H2O on present-day Mars is never liquid (with perhaps extremely rare exceptions), but changes between solid and vapor directly. This is unlike Earth, where ice is lost primarily through melting rather than through sublimation. Hence, many permafrost processes relevant for Mars occur rarely, if at all, anywhere on Earth. A series of studies has been devoted to the exchange of water vapor between the Martian atmosphere and a porous subsurface.
For Mars, the term "ice age" refers to the redistribution of polar ice to lower latitude reservoirs. One element of this cycle is the regolith ice reservoir, and its exchange with the atmosphere. The loss of ice to the atmosphere through a sublimation lag is a rate-limiting factor in the ice-age cycle, which is otherwise driven by orbital changes. A few of the relevant concepts are outlined here:
Stability with respect to sublimation: When the downward pumping balances or exceeds the upward loss, the ice is "stable" with respect to sublimation loss, i.e. no net loss occurs at all. In other words, the humidity of the atmosphere balances that of the buried ice. This factor, and specifically the atmospheric water vapor content, may also play a significant role for the persistence of extremely old "fossil" ice in one of the Dry Valleys of Antarctica, although other factors, such as nearly impermeable salt crusts, may also be important there.
Pumping: Temperature cycles can pump water vapor into a porous subsurface. The amplitude of seasonal temperature variations decays quickly with depth, and the nonlinear dependence of saturation vapor pressure on temperature causes a net downward flux. This process has been studied by Mellon and Jakosky in 1993, and only occurs when the atmosphere is humid enough. It leads to the formation of ice in the void spaces. The process has been reproduced in the laboratory by Hudson et al. in 2009.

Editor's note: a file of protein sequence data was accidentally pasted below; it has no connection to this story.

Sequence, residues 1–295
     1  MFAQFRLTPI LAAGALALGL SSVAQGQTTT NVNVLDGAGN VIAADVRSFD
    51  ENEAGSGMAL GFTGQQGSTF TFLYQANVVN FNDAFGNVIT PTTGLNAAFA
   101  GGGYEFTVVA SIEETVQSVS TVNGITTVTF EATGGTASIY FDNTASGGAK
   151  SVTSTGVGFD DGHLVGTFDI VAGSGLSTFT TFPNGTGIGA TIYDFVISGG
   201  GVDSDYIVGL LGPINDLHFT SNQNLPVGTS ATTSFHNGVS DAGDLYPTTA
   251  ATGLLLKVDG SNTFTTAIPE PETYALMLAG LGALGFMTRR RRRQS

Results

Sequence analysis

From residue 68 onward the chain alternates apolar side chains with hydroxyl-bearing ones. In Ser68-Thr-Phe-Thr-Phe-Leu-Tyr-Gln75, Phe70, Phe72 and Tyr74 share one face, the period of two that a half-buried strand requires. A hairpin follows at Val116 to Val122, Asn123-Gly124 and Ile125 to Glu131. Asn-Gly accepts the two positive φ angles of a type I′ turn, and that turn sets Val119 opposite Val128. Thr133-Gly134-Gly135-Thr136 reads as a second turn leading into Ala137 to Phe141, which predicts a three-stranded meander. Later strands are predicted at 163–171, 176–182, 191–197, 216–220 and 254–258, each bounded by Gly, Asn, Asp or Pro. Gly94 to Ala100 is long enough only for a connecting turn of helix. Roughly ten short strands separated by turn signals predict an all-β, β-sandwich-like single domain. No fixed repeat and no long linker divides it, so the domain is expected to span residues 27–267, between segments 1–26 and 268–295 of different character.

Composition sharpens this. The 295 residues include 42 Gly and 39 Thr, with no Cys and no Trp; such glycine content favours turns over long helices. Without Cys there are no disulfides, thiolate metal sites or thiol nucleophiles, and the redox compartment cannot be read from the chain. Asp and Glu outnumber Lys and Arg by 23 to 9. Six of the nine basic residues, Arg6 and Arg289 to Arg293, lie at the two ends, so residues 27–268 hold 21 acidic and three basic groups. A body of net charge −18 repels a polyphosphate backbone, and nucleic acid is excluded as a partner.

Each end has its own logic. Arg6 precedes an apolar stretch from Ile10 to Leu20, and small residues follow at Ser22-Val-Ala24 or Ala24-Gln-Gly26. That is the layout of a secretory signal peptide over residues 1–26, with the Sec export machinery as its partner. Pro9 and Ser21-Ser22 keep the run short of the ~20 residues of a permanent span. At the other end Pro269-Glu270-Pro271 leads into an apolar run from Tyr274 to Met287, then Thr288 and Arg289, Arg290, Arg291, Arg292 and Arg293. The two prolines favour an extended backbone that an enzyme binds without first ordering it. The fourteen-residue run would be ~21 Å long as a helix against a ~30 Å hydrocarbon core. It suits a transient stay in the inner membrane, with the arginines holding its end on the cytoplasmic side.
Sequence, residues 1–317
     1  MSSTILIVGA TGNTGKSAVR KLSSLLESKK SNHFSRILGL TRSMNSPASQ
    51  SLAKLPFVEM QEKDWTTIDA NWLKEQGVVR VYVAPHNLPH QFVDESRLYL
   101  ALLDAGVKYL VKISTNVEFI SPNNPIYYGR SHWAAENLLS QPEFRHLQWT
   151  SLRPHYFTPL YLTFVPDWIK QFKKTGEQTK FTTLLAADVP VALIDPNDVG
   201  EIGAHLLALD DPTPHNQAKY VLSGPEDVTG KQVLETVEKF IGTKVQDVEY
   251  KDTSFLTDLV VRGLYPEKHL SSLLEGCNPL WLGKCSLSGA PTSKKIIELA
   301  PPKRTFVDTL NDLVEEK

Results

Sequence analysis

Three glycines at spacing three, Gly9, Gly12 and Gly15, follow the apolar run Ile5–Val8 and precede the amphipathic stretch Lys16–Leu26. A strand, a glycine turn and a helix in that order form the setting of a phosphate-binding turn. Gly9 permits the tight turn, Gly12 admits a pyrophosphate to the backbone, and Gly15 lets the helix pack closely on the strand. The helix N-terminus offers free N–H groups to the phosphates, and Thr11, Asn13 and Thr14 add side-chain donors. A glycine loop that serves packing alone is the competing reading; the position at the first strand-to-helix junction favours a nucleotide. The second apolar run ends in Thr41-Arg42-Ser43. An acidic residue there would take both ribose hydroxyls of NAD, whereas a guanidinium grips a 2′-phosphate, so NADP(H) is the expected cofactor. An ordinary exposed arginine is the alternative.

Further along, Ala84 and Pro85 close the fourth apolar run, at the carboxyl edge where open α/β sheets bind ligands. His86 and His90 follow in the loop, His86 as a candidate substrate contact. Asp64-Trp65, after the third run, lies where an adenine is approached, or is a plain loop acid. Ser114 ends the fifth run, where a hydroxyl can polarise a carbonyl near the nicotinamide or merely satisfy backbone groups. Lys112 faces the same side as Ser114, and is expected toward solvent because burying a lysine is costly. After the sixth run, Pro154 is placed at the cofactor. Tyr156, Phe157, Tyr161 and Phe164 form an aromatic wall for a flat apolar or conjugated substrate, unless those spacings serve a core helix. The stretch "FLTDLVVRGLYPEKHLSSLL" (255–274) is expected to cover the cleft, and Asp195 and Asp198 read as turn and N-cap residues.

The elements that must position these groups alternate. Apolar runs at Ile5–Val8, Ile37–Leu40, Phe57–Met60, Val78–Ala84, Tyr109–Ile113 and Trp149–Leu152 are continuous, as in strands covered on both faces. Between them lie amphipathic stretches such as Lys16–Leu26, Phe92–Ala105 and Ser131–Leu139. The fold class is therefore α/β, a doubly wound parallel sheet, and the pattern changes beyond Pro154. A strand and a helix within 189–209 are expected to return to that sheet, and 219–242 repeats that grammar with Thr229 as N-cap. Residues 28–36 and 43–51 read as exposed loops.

In-situ ice growth from vapor phase: The geometric structure of ice that grows directly in the subsurface from the vapor phase has only been incompletely studied. One-dimensional models show that there are two deposition modes, a volumetric mode where ice gradually grows at a range of depths, and a vertical mode, where the ice table moves purely upward. In the volumetric mode, the ice initially grows in the form of vertical tendrils. These tendrils then merge and they contain bubbles.
I1/4-Milankovitch Theory: The symbol I stands for insolation (incoming solar radiation). When ice is buried, it responds to mean surface temperature more than to peak surface temperature. One may think that mean temperature is related to mean insolation, but this is not the case on Mars. In the idealized case of a body without atmosphere and negligible thermal conductivity, the surface temperature is proportional to I1/4, based on the Stefan-Boltzmann law. The annual time averages <.> of insolation can be studied as a function of latitude and orbital parameters. <I1/4>, compared to <I>, depends more on precession (or, more precisely, on a factor known as Milankovitch index) than on obliquity. On Mars at around 60° latitude, annual mean temperature changes with the periodicity of precession cycles and varies little with obliquity cycles. At most other latitudes, the mean temperature is dominated by obliquity variations.